We then went 3 km further, to a village at the end of the road, called Mana village. This is the last Indian village before the Indo-China (Tibet) border, 65 km from the border. The people who live here are called bhotias, and the language they speak is the bhotia language. They seem pretty self-sufficient as a village, with their little farms and water system and a little personal temple as well. There is a cave there called Vyas gufa, which according to legend is the cave in which Ved Vyas sat and dictated the Mahabharat. There is another cave nearby called Ganesh gufa, which naturally then is the cave where Lord Ganesh wrote down the Mahabharat. Also, legend has it that this is where the Pandavas allegedly passed through on their ascent to heaven. It’s a lovely little village that is definitely worth visiting. One could also see a beautiful ice-capped glacier from this place, and of course we stopped to capture as much details as we could with the divine new tele lens.
We left Badrinath at 5:25 PM and crossed Joshimath around 7:15 PM. We drove back to Pipalkoti, a drive during which I was probably the only person other than the driver who was awake.
It has been a very fulfilling day. Tomorrow we plan to make it to Gaurikund, the base camp for the hike up to Kedarnath the day after. Car day. Fun.
2nd July – Day 4
Wow. I was not expecting the amount of fun we’ve had in the last few hours on our way to Gaurikund. The road was (is) very narrow and rather bumpy, but it goes through a beautiful area called Mandal, which is basically all forest land.
It was like Alice in Wonderland, complete with its own animals and sounds and mushrooms! There was something mystical about the place. The floor of the forest was entirely covered with ground covering, and there were streams and mini-waterfalls everywhere. This forest is famous for its abundance of musk deer.
We stopped for a bit where the forest ended at a clearing and a few shacks were set up as tea-stalls. Beautiful place but covered with ravens. I have never seen so many ravens at once. It was a less creepy version of an Edgar Allen Poe story. The view from this place was lovely; there were horses walking around freely. They even had a hut that you could rent, and a tiny makeshift plastic-sheet-covered bathroom which was much cleaner than some of the awful ones we’ve had the misfortune of using during the trip. The tiny area was self-sufficient – they even had their own water tank, and used nothing but solar power for heating and electricity. Fascinating.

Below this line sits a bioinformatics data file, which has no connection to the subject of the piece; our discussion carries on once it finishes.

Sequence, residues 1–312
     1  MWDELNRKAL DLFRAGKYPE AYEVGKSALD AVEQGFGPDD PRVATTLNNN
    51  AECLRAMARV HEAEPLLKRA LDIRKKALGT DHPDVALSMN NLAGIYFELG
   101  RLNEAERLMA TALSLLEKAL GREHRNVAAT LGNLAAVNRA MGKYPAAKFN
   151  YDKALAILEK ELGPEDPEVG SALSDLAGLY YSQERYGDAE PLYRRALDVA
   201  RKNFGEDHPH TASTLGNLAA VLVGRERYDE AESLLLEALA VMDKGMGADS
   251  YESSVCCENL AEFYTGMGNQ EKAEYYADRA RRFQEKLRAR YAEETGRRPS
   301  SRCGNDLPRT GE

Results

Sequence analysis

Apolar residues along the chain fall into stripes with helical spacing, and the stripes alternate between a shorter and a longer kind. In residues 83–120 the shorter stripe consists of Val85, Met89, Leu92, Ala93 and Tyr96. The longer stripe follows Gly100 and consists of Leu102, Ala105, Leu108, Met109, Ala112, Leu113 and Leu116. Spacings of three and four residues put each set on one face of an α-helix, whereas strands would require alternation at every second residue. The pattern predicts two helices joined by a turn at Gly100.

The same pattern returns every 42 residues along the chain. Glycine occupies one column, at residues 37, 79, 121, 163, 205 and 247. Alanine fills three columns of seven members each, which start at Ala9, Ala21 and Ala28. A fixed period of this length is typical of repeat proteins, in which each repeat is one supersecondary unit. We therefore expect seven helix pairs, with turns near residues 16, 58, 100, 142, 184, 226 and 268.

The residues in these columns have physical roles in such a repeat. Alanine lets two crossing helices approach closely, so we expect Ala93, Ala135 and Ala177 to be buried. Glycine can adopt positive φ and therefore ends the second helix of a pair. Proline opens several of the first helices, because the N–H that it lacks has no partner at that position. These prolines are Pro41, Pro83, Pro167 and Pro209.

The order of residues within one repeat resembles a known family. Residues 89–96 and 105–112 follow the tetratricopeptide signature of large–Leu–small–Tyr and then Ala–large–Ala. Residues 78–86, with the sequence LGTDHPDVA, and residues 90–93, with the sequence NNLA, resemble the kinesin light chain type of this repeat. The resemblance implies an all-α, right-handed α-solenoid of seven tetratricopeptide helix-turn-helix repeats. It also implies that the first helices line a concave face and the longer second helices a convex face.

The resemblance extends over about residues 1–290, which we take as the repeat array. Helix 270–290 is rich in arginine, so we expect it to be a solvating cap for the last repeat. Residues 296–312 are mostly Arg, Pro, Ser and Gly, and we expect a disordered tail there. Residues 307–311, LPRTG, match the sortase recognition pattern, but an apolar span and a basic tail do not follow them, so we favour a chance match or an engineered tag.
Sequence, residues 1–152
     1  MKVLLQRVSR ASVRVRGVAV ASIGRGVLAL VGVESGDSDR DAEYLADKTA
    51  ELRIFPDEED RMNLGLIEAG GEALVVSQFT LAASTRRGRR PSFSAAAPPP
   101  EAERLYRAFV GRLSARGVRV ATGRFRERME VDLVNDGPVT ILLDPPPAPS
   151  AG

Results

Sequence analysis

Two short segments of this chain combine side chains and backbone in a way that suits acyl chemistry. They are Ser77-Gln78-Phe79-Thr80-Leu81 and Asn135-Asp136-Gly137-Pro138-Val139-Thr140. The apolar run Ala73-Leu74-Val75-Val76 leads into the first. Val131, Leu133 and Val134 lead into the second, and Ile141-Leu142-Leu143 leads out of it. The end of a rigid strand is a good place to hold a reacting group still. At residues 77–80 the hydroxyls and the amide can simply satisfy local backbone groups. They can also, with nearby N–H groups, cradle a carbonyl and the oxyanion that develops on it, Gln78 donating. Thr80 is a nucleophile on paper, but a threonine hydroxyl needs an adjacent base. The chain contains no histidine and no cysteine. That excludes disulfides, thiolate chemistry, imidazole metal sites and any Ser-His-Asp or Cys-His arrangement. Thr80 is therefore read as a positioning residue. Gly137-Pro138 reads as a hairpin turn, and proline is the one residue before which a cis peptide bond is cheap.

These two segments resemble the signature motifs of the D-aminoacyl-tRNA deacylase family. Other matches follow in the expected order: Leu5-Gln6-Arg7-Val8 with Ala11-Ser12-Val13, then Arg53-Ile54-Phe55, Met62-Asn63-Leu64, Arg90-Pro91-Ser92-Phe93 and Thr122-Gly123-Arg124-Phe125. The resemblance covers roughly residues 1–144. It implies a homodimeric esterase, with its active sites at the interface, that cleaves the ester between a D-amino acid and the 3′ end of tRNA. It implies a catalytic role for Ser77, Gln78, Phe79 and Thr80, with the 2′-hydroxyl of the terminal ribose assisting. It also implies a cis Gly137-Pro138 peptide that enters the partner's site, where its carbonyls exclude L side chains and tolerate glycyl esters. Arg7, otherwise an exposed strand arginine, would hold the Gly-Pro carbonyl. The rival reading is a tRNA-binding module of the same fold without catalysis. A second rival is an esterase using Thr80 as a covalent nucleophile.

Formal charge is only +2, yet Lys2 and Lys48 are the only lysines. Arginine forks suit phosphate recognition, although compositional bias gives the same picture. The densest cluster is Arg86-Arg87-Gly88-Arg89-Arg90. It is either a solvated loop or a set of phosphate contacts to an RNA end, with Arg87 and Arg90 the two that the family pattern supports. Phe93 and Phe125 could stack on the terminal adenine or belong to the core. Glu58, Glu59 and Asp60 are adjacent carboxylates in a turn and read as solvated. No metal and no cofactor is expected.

So Gaurikund is a tiny village which serves no purpose other than forming the base from where pilgrims hike up to Kedarnath. The entire village is basically on the two sides of the path up to Kedarnath, which starts at the bus stand. We reached Gaurikund well before dark, and checked in at the GMVN Tourist Lodge, which is about half a kilometer up the path to Kedarnath. Cars aren’t allowed beyond the bus stand, and parking is a good kilometer and a half further away. So we got ourselves a pitthu, which is a man who carries any sort of load on his back (person or luggage), and had our luggage transported to our rooms. The lodge may not exactly be the ideal hotel of one’s dreams, but the service was decent and the food made us feel at home. Big day ahead.
3rd July – Day 5
I don’t even know what time of the night it is; I have never been this exhausted in my entire life, even though I have a strong feeling I won’t feel the worst of it until tomorrow. What a day it has been. We woke up in the morning at 5 AM to prepare for the long day. We each packed a backpack with a day’s change of clothes, an umbrella, money in case we get separated, and a 20-rupee green plastic cover crudely designed to work as a makeshift raincoat. All this just in case we are unable to return to Gaurikund the same day.
We were at the base of the Kedarnath hiking path by 6:15 AM. Here, one has the option of walking up by road – which does not qualify as a road – or going up by horseback, or even being carried up on a palanquin by four sturdy Garhwali boys with legs that looked like they could break stone.